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Freemasonry - Its Hidden Meaning
by George H. Steinmetz
A spiritual interpretation of the esoteric work of the Masonic lodge, analyzes the lectures and symbols of the three degrees. (1948)
Chapter 3 - Mental Science
"Be specific, be definite in your mental work. You are dealing with Intelligence, so deal with It intelligently."
MENTAL SCIENCE asks no one to accept any statements made in its behalf that cannot be proven. We should attempt to prove each statement as we build our premise, exactly as the investigator in any other science would proceed to prove his findings.
While all Freemasons necessarily profess a belief in a "one living and true God," else they could not be members of the Order, for the sake of consistency a scientific reason should be established for that belief.
This seemingly is a world of opposites. Negatives at first glance appear to be truths, but on analysis are not. Darkness, of itself, does not exist. It is merely the absence of light. Ignoring the negative side of the question but turning to the affirmative, let us build up a rational belief in a Supreme Being.
We exit The Universe exists. We are conscious of both our own existence and our surroundings. Consciousness is a degree of intelligence. That same intelligence which makes us aware of our own existence and the existence of the world in which we live forces us to admit the prior existence of some creative force which caused both the universe and ourselves.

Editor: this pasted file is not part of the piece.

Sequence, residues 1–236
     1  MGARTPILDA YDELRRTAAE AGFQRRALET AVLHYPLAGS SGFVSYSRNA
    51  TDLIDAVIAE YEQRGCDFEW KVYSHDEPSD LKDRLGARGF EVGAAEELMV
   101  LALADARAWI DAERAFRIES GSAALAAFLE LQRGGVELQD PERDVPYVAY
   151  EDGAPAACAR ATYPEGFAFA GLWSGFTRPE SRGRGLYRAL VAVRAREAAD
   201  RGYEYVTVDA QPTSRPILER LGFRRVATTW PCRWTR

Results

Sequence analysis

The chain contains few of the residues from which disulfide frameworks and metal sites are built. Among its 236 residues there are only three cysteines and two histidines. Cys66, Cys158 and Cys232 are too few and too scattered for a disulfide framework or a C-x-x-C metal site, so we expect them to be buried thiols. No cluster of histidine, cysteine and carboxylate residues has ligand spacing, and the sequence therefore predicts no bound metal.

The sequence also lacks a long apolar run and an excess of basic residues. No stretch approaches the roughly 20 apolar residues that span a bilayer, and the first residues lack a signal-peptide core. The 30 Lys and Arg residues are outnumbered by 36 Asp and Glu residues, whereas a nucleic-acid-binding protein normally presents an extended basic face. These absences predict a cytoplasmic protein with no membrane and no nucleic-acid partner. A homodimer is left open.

This is not an attempt to advance an argument to the individual who says "we just happened." In fact he will not be reading these lines. Such a view is so inconsistent with nature that it requires no answer from the thinking person. Nothing in nature "just happens." There is always a reason for natural action if we but find it, and we cannot malign the Omni-present because the human mind cannot grasp the reason for some particular thing and say "there is no reason, no cause." We must ultimately come to th e conclusion that we and the Universe are the result of definite, intelligent planning; in other words - THOUGHT.
The next step in an attempt to find a logical basis for belief is to ascertain HOW we were created. Man the finite cannot comprehend the INFINITE and, therefore, unaided, realize infinity, yet he must needs attempt that very thing. Fortunately, there is in every man that which impels him to seek the infinite, and by means of it apprehend sufficient of the concept of infinity to pursue the proper train of thought.
The universe is distinctly material and, being material, there must have been a time when it did not exist. Hence the Biblical statement: "In the beginning God created the heavens and the earth." This provides a good starting place, and, by applying the theory of negatives, can be restated; "until created the EARTH WAS NOT." The Bible carefully states "CREATED, not "BUILT." To "build" is to construct or rearrange out of existing material. To "create" is to materialize something out of apparent nothing.
There is some question. as to the correctness of the translation of the foregoing passage, the Hebrew word "ROSH" being involved. It is true that "rosh" may be translated "beginning" but the best Hebrew authorities seem to prefer "the head." Thus we are told that "ROSH HASHANA" means "the HEAD of the year." It is not phrased: "the BEGINNING of the year." In connection with this distinction of meaning it should be noted that "the head" carries the inference of knowledge or wisdom. It is the seat of wisdom. Thus this passage may well be translated: "IN WISDOM God created the heavens and the earth."